A performance bond ensures the timely satisfaction and completion of a construction contract. Where a performance bond is issued on a contract between an owner and a general contractor, for example, the surety has guaranteed to the owner (the “obligee”) that it will complete the contract in accordance with its terms if the contractor (the “principal”) defaults. But there are common mistakes made in relation to performance bonds and the performance of the underlying contract that leaves the obligee with less protection than was intended, or worse, no protection at all. Understanding these mistakes and risks is therefore key to ensuring that a performance bond’s guarantee of the underlying contract is enforceable. Although this article is by no means comprehensive, it highlights several of these common mistakes and the resulting risks.
- A performance bond is not an insurance policy.
First and foremost, a performance bond is not an insurance policy. But too often, obligees treat the bond as if it is merely a source of payment for damages caused by a principal’s default, allowing damages caused by an underperforming or non-performing principal to accrue and then seeking payment from the surety at or even after the project’s completion. But a surety’s performance bond guarantee is more than a guaranty to pay damages caused by default.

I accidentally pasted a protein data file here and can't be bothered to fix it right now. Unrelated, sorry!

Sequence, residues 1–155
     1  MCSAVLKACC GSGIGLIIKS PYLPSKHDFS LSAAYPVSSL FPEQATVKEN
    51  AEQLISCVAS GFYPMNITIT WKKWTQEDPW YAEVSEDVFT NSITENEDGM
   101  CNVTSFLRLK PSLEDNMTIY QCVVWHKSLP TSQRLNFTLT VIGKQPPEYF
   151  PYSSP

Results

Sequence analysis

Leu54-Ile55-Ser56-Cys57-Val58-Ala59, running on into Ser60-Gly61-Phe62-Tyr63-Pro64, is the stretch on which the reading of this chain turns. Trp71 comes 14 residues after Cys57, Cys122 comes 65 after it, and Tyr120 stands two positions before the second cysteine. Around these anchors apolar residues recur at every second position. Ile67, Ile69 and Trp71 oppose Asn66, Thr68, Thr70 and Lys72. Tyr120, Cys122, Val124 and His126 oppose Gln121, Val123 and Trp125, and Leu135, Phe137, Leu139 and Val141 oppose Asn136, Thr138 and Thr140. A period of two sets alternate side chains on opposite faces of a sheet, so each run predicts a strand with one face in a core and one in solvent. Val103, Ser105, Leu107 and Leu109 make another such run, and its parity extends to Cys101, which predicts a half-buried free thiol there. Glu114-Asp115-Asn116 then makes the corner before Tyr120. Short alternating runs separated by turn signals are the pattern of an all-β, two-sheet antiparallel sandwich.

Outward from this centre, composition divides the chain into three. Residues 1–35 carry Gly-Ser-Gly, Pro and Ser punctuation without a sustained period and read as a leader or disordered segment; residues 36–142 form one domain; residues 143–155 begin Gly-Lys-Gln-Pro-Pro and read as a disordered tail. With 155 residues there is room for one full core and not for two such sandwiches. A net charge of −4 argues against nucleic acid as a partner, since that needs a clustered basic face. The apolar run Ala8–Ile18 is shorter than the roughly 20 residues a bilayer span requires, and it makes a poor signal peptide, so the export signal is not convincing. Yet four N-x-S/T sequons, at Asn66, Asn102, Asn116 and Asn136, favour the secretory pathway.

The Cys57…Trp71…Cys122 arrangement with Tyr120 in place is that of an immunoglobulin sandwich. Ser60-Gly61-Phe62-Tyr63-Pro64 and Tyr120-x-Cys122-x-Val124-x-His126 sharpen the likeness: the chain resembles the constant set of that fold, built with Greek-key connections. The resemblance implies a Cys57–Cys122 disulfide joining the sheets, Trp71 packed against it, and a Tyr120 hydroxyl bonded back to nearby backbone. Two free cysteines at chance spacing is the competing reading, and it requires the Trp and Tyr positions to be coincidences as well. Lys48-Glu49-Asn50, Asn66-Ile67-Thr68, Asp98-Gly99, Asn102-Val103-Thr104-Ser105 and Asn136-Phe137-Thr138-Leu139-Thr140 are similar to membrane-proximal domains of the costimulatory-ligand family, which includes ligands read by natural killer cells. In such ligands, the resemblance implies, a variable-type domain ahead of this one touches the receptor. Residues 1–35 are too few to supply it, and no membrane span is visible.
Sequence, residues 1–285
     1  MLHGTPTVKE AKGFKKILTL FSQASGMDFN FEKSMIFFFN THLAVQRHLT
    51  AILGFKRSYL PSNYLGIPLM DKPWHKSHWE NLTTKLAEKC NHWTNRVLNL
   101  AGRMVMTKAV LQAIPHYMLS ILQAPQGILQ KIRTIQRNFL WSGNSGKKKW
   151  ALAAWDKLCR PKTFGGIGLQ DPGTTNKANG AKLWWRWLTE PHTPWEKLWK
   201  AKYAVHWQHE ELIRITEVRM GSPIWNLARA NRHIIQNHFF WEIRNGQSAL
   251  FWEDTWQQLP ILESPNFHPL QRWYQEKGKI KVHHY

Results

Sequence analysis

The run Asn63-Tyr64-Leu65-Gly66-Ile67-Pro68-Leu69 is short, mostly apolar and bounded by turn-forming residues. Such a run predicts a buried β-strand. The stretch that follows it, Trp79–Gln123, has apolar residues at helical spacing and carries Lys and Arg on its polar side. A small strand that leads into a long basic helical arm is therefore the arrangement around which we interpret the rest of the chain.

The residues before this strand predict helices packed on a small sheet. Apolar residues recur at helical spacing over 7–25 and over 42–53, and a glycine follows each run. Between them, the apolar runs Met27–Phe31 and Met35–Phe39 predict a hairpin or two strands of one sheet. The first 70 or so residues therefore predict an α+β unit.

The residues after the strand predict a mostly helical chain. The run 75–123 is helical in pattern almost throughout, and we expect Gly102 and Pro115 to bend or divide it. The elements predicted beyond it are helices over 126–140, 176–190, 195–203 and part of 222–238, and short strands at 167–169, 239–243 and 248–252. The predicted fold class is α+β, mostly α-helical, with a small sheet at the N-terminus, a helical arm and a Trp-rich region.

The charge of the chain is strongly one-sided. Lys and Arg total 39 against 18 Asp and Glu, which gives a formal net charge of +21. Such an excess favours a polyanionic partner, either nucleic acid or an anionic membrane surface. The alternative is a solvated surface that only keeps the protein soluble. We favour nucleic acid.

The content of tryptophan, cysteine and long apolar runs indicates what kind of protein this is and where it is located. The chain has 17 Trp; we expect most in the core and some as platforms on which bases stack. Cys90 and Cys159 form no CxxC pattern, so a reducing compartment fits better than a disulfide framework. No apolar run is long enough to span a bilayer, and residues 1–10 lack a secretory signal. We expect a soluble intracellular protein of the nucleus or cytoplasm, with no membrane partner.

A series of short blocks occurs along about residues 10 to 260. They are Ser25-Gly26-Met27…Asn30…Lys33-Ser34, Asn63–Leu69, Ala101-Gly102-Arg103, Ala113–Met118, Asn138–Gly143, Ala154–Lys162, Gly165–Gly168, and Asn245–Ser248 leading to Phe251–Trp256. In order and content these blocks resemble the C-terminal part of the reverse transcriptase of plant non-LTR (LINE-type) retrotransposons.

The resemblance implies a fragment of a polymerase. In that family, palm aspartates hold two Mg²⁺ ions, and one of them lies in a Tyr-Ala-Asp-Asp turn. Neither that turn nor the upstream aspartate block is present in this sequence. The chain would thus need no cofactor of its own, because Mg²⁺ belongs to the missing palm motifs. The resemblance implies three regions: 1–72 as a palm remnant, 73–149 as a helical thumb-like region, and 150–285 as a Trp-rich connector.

Under a typical performance bond, a surety has four options after the principal defaults: work with the principal to cure the default; complete the contract itself; procure a replacement contractor to complete the contract, or pay the costs to complete the contract (up to the bond limit). It is the surety, not the obligee, that decides which of these options to take. Importantly, if an obligee treats a performance bond like insurance and fails to involve the surety until the end of the project, the surety may take the position it was deprived of its full array of performance options. As a result, the bond could be unenforceable.
- The terms of performance bonds govern the rights and obligations of the parties.
Obligees often accept performance bonds as proposed by the principals and sureties without scrutinizing their language. A performance bond is a contract, and the performance bond’s language governs the bond’s guarantees and the parties’ rights and obligations in its performance. Before accepting a performance bond, it is therefore critical to ensure that the bond’s language reflects the obligee’s understanding of what is being guaranteed. For example, if an obligee intends to have the performance bond guarantee both completion of the project and any post-completion warranty work, the performance bond’s language must reflect that intent.
In some jurisdictions, a performance bond is presumed to have incorporated the underlying construction contract in its entirety. In these jurisdictions, the surety’s liability is therefore presumed to be coextensive with the principal’s liability. For example, if the underlying contract makes the contractor liable for liquidated delay damages, the surety is also presumed to have accepted this liability.